Obama pledges U.S. support for Libya's new regime

McClatchy NewspapersSeptember 20, 2011 

NEW YORK — President Barack Obama urged Libyans to continue pressing for democracy in remarks Tuesday at the United Nations, portraying the toppling of Moammar Gadhafi as a success story in the making, but underscoring perils ahead.

"Your task may be new, the journey ahead may be fraught with difficulty," Obama said in remarks aimed "directly to the people" of Libya. "But everything you need to build the future you seek already beats in the heart of your nation... To the Libyan people — this is your chance. And today the world is saying, in one unmistakable voice — we will stand with you as you seize this moment of promise, as you reach for the freedom, the dignity and the opportunity you deserve."

Obama's remarks come as Libya's National Transitional Council has failed to name a new cabinet, and Obama pressed for progress after a private meeting with Libyan Transitional National Council Chairman, Mustafa Abdel Jalil, whom Obama said was committed to a peaceful transition.

"We all know what is needed," Obama said. "A transition that is timely. New laws and a constitution that uphold the rule of law. Political parties and a strong civil society. And, for the first time in Libyan history, free and fair elections."

Rebels have seized suspected Gadhafi loyalists and Obama warned against seeking violent retribution for the ousted leader's brutal rule, saying "as Libyans rightly seek justice for past crimes, let it be done in a spirit of reconciliation, not reprisals and violence."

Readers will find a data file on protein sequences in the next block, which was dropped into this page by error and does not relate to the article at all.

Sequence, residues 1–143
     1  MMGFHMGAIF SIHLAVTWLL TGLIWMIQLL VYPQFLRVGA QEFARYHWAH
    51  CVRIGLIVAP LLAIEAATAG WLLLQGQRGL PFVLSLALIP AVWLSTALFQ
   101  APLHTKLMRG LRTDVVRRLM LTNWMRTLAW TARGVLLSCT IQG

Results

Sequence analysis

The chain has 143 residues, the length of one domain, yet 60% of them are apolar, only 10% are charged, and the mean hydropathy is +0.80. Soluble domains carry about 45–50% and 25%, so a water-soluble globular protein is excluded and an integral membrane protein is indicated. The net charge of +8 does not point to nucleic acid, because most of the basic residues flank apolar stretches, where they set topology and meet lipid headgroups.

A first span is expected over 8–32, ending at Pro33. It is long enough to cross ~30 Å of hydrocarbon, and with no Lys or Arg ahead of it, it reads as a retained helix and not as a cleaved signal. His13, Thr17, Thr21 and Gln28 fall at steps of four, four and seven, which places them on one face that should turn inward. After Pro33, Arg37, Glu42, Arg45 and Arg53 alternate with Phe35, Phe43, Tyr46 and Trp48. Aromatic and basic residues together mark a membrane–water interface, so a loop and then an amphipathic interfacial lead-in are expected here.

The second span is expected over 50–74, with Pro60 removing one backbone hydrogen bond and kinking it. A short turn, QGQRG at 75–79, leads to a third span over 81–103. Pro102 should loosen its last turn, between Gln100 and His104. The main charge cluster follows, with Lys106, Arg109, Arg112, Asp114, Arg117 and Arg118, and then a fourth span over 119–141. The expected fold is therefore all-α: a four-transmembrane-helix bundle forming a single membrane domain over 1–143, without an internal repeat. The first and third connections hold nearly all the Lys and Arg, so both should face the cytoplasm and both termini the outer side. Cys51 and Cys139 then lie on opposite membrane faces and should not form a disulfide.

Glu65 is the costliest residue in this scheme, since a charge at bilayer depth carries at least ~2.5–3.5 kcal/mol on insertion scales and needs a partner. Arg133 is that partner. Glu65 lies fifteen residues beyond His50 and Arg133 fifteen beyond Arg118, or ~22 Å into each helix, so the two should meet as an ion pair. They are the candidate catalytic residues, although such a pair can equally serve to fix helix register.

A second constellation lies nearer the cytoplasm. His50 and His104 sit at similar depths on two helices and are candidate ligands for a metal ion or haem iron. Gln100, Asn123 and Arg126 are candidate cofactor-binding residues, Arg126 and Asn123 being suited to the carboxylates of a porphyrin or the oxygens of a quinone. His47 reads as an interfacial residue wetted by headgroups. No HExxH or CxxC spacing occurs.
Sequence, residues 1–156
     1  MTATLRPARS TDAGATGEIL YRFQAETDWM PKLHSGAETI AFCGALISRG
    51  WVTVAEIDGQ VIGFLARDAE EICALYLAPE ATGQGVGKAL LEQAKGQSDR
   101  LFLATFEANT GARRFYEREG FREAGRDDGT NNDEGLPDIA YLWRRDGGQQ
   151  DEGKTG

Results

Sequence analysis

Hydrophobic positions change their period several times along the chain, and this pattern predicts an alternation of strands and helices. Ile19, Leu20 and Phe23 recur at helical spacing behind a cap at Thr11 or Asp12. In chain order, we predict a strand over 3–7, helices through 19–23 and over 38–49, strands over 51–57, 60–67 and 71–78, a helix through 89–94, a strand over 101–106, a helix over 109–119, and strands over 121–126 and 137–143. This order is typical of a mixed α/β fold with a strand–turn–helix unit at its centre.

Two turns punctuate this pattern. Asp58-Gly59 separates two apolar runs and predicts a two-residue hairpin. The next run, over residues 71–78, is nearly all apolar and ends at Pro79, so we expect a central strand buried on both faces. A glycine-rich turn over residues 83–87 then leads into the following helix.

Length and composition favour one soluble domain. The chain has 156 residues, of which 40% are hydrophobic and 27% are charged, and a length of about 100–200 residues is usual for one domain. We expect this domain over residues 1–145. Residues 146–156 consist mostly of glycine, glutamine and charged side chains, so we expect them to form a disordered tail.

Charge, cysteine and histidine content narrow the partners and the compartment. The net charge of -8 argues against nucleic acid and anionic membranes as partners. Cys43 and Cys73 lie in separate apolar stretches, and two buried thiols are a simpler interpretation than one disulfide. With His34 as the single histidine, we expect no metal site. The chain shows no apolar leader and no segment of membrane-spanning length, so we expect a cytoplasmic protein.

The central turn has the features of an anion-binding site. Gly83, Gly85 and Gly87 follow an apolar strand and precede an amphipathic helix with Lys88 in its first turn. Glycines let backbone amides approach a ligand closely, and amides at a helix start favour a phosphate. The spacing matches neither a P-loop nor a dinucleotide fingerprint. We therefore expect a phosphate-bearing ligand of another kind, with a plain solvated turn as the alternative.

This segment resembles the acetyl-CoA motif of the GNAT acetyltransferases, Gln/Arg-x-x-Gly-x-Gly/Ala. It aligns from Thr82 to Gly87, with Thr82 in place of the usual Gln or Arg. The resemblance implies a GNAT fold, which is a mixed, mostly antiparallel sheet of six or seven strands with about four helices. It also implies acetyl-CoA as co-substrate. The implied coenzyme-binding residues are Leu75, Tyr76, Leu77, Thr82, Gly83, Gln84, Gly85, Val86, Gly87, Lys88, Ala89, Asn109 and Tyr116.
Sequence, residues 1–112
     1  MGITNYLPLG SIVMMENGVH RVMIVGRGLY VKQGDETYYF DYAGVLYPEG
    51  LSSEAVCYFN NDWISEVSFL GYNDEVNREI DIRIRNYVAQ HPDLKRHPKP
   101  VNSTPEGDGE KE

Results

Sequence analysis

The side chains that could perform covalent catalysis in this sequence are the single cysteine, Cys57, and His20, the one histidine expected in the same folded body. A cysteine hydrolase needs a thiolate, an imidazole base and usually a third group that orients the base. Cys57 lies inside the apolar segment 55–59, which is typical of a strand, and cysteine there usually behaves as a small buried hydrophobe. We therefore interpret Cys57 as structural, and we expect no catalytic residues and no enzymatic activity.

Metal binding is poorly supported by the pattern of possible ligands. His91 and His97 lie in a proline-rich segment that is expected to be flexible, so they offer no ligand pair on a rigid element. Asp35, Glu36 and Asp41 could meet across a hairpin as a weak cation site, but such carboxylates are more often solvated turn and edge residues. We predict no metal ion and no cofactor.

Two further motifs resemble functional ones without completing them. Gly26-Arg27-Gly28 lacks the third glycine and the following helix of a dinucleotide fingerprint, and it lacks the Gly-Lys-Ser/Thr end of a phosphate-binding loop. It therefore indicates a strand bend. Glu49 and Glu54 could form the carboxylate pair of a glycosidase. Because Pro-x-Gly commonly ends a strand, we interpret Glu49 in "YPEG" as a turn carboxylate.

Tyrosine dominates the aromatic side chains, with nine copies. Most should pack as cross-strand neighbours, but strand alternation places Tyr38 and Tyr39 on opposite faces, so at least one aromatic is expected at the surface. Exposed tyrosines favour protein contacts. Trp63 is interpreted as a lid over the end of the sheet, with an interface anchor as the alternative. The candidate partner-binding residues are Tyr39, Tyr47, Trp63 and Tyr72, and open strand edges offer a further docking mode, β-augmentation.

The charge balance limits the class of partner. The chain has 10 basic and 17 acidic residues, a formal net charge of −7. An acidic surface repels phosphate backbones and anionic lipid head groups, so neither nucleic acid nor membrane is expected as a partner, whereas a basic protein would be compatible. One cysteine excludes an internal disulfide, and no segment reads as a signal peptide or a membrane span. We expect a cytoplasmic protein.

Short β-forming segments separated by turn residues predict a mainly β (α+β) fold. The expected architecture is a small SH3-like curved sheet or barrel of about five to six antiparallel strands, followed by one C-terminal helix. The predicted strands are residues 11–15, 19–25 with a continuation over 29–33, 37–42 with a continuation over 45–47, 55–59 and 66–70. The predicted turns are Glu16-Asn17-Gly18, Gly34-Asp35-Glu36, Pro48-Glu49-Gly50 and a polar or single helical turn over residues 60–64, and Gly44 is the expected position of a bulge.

He called for a rejection of violent extremism, "which offers nothing but death and destruction."

Jalil, who spoke just before Obama, said the council would "work toward a spirit of forgiveness" and pledged support for democracy and human rights.

"Libya reassures everyone that it will be a vibrant state that upholds peace and security in the region," he said through an interpreter to applause.

Obama acknowledged that the battle isn’t yet over — "even as we speak, remnants of the old regime continue to fight," he said. "Difficult days are still ahead. But one thing is clear — the future of Libya is now in the hands of its people.

"None of this will be easy," Obama said. "After decades of iron rule by one man, it will take time to build the institutions needed for a democratic Libya. I'm sure there will be days of frustration; when progress is slow; when some begin to wish for the old order and its illusion of stability.

"And some in the world may ask — can Libya succeed?," he said. "But if we have learned anything these many months, it is this — do not underestimate the aspirations and will of the Libyan people."

Obama announced that the U.S. ambassador would be returning to the Libyan capital of Tripoli and that the American flag that was lowered before the U.S. embassy was attacked will go back up this week, over the American embassy.

And he pledged that the U.S. would work with the new U.N. Support Mission in Libya "to assist the Libyan people in the hard work ahead.

He said the NATO-led security mission would continue and urged Gadafi loyalists to give up.

"Those still holding out must understand — the old regime is over, and it is time to lay down your arms and join the new Libya," he said.

He added that the U.S. will help the U.N. in humanitarian efforts to help Libyans recover from "the ravages of war."

The president celebrated Libya as a foreign policy success for the U.S., saying the international community has not always called it right, but "this time was different. This time, we found the courage and the collective will to act."

But he said the credit for the liberation of Libya belongs to Libyans, who, after "four decades of darkness," are now "writing a new chapter in the life of their nation.

"It was Libyan men, women — and children —who took to the streets in peaceful protest, faced down the tanks and endured the snipers' bullets," he said. "It was Libyan fighters, often outgunned and outnumbered, who fought pitched battles, town by town, block by block. It was Libyan activists — in the underground, in chat rooms and mosques — who kept a revolution alive, even after some in the world gave up hope."

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